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“Convergence” #5 pushes DC’s event miniseries into its second half and, after an underwhelming first four issues (plus prelude/zero issue), it’s almost a relief to see something actually happening here. Jeff King’s story starts to lurch forward, and Andy Kubert and Sandra Hope bring a welcome visual style to the book.

With Brainiac having been summoned at the end of the previous issue, King uses the opportunity here to give a more thorough origin for Telos, as we learn about his history and the deal that was struck in exchange for becoming one with the planet. After four issues of Telos being little more than a booming voice and a proverbial hand to smack the “Earth 2” heroes around, it’s nice to chip away a bit at the utter lack of personality.

That’s not to say that the plotting has completely pulled itself together, or that this feels more streamlined or natural. It looks like it’s sticking with making characters from “Warlord” a major part of the story, but there’s still very little context given for those who have never encountered Travis Morgan, Deimos or the rest of these faces before. With one exception, this main series has little to no connection to the parade of tie-ins, either. Those tie-ins start wrapping up this week but, between those closing issues and the moment that concludes “Convergence” #5, it’s become pretty clear that “Convergence” has no real interest in all of the various bottled universes. They’re really more than a gimmick to dress up the background at this point, rather than creating some sort of fuller story. Ironically, the one exception to that rule is Deimos’ imprisoning and siphoning the powers of the Time Masters, which is referred to once again here in a passing manner but never explained. If there was ever a need for a Marvel-style footnote pointing readers to the appropriate comic, this is it. (And something for which I’m sure retailers would have greatly appreciated, too.)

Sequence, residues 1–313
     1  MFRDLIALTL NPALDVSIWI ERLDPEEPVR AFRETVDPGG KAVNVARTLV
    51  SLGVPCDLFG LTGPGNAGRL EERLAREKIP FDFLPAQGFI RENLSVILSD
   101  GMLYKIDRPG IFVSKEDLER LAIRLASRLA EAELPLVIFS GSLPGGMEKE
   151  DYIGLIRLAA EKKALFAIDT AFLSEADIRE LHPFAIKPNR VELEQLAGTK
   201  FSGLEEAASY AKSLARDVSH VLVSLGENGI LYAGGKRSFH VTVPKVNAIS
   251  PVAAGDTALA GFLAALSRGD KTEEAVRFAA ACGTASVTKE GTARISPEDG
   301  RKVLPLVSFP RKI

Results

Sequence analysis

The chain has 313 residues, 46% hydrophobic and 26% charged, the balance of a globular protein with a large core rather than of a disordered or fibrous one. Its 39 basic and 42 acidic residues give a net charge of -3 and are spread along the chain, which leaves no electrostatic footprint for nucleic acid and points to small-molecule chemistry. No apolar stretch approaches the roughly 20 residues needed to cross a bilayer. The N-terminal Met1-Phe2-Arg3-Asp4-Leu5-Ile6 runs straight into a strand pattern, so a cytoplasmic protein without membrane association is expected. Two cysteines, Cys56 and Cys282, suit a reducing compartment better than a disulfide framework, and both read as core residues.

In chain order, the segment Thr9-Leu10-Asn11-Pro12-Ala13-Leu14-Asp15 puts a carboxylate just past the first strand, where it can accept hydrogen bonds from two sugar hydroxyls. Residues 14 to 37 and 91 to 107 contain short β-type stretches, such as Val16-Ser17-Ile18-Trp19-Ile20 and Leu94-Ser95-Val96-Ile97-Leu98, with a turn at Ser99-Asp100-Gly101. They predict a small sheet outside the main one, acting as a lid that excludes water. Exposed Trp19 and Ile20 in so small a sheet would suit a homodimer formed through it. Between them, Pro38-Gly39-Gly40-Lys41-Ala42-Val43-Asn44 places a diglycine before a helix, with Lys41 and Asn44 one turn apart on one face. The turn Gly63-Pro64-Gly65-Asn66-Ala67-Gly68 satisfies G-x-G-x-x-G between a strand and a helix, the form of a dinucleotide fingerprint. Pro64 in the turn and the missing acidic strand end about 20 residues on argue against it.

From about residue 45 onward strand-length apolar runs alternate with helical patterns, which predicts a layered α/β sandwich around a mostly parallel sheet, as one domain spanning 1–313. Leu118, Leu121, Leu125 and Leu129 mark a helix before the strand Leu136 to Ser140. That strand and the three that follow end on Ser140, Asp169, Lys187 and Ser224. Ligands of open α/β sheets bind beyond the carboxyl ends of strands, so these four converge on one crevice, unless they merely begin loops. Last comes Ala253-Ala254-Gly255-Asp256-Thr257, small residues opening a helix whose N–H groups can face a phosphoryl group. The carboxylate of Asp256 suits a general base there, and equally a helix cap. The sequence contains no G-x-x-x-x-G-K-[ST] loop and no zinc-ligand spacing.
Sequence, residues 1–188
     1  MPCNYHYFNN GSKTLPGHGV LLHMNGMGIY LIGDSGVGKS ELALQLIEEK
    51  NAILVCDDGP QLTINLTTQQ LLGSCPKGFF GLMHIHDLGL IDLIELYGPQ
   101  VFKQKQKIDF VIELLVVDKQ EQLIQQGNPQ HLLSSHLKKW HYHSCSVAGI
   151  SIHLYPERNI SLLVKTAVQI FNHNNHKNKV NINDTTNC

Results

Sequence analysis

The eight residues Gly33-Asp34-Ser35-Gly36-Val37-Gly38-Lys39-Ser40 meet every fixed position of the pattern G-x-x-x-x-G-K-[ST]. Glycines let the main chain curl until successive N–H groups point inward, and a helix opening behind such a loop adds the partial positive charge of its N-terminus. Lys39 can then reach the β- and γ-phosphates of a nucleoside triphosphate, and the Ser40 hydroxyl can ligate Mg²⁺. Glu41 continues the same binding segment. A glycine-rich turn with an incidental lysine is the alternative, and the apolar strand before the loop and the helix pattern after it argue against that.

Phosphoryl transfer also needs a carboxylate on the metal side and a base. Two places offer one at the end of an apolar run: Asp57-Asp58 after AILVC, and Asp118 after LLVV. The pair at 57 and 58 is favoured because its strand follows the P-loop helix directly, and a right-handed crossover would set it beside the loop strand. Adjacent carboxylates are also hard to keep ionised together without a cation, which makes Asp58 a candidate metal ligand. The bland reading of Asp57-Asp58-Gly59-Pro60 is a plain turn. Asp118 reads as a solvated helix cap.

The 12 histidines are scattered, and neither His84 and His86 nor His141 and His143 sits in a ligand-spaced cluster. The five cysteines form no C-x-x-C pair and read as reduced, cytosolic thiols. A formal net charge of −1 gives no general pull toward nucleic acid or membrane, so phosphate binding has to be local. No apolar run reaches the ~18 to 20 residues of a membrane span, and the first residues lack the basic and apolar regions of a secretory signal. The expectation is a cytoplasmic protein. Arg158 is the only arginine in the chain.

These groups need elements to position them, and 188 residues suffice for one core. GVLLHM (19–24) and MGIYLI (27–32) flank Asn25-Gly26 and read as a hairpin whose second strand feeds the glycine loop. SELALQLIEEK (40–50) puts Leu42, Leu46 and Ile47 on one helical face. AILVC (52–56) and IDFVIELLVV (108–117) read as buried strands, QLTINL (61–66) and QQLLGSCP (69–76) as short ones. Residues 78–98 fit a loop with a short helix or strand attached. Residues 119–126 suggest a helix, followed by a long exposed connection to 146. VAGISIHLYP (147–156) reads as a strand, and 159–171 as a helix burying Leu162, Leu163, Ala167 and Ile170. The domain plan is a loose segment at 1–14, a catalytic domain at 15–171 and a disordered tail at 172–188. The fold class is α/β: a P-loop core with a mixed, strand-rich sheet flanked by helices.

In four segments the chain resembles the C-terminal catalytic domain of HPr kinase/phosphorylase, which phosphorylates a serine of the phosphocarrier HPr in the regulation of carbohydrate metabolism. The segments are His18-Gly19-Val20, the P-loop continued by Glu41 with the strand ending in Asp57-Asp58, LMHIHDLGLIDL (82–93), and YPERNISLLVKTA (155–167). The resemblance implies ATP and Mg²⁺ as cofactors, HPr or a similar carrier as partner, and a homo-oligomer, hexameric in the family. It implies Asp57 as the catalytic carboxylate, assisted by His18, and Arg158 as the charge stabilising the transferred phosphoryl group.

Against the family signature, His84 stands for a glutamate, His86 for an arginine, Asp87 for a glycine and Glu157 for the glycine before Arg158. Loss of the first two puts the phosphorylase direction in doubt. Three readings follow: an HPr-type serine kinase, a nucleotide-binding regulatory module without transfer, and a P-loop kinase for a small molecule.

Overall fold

Looking at the cover of “Convergence” #5, you might find yourself wishing that the entire comic was full of dinosaur after dinosaur, simply so we could see Kubert and Hope draw more of them that look just as good as the one we see there. Fortunately, even without the comic being dinosaurpalooza, there’s still a lot to enjoy in the visuals. Kubert’s pencils give a strength to these characters; when Superman and Deimos struggle against one another, for example, their physical clash feels genuine. You can see in their postures how they’re both bracing themselves and pushing against the others; it feels very alive and natural. When dinosaurs come smashing through a wall, well, let’s just say it looks fantastic. Kubert, Hope and Brad Anderson make this book just feel fun; the characters are energetic, exposition scenes have visual hooks and the colors know when to be subdued and when to burst onto the page.

“Convergence” #5 is a real improvement but, at the same time, the series has a long way to go to pull itself completely out of the hole that the first month dug. Hopefully, this will be a real turn-around, with the final three installments continuing to step up the proverbial game. Overall, the main “Convergence” miniseries has been a bit of a letdown but, if you had to pick the best issue to date, look no further than “Convergence” #5.